Exclusion Criteria

Patients will not be eligible for this study if they:

  • Are pregnant or breast-feeding.
  • Currently abuse alcohol or drugs.
  • Are currently being treated for some types of cancer.
  • Have any illness or condition that might interfere with the study or put them at risk.
  • Have received a vaccination 6 weeks before study entry.
  • Have previously received Remune.
  • Are taking medications that affect the immune system within 30 days of study entry.

Information from the National Library of Medicine

To learn more about this study, you or your doctor may contact the study research staff using the contact information provided by the sponsor.

Please refer to this study by its identifier (NCT number): NCT00006153

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United States, California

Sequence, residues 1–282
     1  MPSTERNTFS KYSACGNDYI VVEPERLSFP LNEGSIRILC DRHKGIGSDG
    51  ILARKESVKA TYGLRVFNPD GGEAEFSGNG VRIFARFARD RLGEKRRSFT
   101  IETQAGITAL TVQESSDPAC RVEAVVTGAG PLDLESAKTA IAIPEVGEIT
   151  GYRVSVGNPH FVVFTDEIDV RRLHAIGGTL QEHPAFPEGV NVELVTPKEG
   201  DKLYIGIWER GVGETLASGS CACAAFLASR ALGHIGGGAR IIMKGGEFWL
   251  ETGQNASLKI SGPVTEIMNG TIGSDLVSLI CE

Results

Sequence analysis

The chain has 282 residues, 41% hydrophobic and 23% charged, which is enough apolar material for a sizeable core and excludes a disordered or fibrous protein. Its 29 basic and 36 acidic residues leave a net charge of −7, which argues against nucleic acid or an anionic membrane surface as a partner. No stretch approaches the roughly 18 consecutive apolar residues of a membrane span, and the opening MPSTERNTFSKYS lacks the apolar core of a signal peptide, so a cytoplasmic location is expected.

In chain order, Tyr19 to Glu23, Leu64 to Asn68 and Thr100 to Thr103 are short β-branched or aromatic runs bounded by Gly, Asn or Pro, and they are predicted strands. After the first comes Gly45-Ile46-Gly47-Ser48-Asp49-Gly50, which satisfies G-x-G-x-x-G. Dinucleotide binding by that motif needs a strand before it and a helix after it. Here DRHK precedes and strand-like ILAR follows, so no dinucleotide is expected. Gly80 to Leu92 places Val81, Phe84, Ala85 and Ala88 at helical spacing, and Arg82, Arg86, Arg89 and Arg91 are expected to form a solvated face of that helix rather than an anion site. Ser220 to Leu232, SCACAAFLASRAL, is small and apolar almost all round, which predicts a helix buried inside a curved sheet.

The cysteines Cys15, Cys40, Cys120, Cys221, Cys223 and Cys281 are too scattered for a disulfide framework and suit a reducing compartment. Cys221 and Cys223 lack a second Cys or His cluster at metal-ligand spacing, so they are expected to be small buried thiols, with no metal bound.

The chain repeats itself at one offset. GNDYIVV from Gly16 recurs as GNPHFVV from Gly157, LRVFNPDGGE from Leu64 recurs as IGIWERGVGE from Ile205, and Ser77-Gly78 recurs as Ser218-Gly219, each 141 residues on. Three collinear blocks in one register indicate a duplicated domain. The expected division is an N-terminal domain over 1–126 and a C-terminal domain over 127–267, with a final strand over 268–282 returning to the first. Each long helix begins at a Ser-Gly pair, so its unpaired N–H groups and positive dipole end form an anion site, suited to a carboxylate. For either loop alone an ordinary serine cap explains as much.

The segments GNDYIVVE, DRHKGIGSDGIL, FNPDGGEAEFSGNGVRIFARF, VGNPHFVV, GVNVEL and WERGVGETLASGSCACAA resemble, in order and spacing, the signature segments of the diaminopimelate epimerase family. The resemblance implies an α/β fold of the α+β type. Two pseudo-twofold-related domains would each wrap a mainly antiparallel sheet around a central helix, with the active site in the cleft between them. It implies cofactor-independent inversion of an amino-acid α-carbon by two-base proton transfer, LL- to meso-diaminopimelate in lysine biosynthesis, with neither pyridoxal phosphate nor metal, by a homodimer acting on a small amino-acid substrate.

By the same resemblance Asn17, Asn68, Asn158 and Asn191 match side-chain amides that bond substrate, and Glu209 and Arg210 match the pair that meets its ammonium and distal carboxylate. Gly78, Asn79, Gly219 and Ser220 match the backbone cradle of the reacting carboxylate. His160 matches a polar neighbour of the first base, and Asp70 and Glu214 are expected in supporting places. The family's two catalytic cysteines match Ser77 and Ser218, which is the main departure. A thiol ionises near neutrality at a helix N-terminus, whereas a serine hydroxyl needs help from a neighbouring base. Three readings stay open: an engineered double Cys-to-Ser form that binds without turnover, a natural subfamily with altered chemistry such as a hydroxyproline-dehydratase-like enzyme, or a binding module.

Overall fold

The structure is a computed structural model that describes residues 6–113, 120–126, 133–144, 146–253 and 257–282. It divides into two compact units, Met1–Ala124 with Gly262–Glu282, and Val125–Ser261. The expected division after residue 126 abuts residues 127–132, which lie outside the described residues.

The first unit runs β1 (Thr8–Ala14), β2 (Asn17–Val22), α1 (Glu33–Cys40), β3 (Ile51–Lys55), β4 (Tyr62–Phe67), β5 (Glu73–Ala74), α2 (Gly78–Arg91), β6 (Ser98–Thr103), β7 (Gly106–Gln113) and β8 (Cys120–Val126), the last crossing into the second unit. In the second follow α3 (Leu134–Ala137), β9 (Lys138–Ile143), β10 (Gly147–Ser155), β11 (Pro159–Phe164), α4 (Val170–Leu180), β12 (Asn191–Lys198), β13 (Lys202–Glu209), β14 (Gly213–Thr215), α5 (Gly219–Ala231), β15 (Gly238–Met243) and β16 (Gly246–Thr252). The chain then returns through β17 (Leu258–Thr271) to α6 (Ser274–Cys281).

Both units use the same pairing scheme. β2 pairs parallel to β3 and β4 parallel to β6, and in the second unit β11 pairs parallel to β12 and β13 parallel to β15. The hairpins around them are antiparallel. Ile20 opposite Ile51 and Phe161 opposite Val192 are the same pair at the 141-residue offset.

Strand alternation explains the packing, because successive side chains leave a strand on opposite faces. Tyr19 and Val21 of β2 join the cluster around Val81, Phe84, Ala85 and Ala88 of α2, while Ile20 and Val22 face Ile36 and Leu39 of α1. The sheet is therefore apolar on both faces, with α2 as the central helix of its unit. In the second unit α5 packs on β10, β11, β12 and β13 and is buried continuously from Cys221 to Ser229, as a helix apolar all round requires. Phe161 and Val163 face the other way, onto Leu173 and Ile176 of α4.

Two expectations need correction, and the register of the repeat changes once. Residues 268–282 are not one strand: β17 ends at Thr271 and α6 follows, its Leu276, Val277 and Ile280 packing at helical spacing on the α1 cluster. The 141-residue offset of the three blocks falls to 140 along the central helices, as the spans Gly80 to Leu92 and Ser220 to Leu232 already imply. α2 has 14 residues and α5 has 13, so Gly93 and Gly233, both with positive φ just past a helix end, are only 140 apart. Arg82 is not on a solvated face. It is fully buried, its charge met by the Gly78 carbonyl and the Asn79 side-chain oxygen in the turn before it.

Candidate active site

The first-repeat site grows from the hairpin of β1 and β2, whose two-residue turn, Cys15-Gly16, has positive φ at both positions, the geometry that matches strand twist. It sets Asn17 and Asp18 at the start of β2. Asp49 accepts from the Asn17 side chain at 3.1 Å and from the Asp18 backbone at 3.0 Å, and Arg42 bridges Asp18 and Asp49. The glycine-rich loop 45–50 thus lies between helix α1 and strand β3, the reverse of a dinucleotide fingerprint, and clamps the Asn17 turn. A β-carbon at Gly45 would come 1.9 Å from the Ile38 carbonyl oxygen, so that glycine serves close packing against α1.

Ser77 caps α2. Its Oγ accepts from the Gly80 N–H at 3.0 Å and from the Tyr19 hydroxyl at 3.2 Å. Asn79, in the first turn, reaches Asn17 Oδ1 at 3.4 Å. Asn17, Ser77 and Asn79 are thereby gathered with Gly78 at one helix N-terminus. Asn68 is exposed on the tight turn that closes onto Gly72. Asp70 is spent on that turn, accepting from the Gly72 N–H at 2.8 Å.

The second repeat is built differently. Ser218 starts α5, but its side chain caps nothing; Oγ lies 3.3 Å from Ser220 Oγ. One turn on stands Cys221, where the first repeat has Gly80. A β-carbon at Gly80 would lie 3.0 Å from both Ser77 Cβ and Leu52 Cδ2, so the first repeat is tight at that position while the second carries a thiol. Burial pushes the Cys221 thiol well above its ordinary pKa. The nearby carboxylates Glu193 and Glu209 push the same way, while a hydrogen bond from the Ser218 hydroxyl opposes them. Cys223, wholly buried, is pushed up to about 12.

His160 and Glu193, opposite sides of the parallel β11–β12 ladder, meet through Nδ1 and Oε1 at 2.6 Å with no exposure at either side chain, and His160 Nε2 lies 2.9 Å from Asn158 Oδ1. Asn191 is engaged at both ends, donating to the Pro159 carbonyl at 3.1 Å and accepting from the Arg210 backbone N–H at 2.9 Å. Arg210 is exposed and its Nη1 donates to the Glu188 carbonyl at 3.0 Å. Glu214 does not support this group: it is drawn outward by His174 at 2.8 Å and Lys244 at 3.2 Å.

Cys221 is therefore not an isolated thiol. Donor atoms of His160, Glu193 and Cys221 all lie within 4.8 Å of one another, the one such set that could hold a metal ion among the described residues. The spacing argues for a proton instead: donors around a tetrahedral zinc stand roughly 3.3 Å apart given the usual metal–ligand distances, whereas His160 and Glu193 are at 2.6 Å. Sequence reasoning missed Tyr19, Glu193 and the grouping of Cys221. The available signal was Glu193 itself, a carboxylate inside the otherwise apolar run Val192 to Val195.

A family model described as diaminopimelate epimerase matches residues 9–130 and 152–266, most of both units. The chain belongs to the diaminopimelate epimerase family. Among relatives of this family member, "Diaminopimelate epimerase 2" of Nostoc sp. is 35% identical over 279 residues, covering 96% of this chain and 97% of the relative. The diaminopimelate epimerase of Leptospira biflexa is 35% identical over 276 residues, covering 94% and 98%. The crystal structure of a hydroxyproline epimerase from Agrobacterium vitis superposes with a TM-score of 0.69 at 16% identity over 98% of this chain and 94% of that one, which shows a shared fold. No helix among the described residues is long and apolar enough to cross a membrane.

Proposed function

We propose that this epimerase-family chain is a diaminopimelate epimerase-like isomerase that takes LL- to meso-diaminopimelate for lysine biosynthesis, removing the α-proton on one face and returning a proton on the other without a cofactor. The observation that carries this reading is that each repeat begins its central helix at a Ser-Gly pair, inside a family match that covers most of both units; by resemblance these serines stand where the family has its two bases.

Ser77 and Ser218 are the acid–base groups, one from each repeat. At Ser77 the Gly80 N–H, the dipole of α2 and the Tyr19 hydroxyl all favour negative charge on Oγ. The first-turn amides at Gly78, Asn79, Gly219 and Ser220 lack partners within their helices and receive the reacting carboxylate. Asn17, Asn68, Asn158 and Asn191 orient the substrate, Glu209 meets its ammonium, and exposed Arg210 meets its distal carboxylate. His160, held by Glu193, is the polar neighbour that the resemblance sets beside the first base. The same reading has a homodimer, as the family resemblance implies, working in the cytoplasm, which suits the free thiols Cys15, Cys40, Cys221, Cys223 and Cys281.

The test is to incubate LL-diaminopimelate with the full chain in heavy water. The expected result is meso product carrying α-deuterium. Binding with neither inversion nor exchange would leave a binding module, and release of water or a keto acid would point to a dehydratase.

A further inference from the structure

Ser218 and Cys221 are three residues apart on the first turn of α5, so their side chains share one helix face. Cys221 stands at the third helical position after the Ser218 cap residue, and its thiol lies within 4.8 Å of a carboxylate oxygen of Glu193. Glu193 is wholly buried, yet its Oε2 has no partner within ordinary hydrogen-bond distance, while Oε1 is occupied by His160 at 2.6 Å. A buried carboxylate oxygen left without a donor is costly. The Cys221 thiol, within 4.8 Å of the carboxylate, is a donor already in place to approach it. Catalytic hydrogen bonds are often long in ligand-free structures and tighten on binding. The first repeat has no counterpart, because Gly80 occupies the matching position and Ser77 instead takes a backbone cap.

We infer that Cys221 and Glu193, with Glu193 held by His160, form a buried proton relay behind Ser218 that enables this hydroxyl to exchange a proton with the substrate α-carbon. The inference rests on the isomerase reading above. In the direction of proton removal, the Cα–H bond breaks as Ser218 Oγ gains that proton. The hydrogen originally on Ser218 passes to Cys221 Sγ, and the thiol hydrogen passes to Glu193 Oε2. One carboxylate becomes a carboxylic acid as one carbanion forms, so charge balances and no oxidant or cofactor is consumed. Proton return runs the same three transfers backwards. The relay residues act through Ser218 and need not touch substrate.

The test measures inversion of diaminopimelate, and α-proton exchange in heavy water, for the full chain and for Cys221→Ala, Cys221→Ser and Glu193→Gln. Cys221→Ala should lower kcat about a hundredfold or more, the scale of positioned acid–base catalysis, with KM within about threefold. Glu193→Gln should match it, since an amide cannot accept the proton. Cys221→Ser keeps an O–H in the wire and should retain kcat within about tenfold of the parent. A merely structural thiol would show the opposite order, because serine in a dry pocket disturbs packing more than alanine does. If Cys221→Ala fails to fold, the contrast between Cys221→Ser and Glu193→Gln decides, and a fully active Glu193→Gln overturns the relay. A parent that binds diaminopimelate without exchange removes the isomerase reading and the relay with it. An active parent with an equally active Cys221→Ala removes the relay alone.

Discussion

Joanne Santangelo
San Diego, California, United States, 92103
Sponsors and Collaborators
National Institute of Allergy and Infectious Diseases (NIAID)
The Immune Response Corporation
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Principal Investigator: Eric Daar
Principal Investigator: Susan Little
Principal Investigator: Janis Giorgi
Principal Investigator: Rachel Schrier

Layout table for additonal information Identifier: NCT00006153     History of Changes
Other Study ID Numbers: AIEDRP AI-05-006
First Posted: August 31, 2001    Key Record Dates
Last Update Posted: July 30, 2008
Last Verified: June 2003

Keywords provided by National Institute of Allergy and Infectious Diseases (NIAID):
HIV Antibodies
Immunity, Cellular
Drug Therapy, Combination
Anti-HIV Agents
HIV Therapeutic Vaccine

Additional relevant MeSH terms:
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HIV Infections
Lentivirus Infections
Retroviridae Infections
RNA Virus Infections
Virus Diseases
Sexually Transmitted Diseases, Viral
Sexually Transmitted Diseases
Immunologic Deficiency Syndromes
Immune System Diseases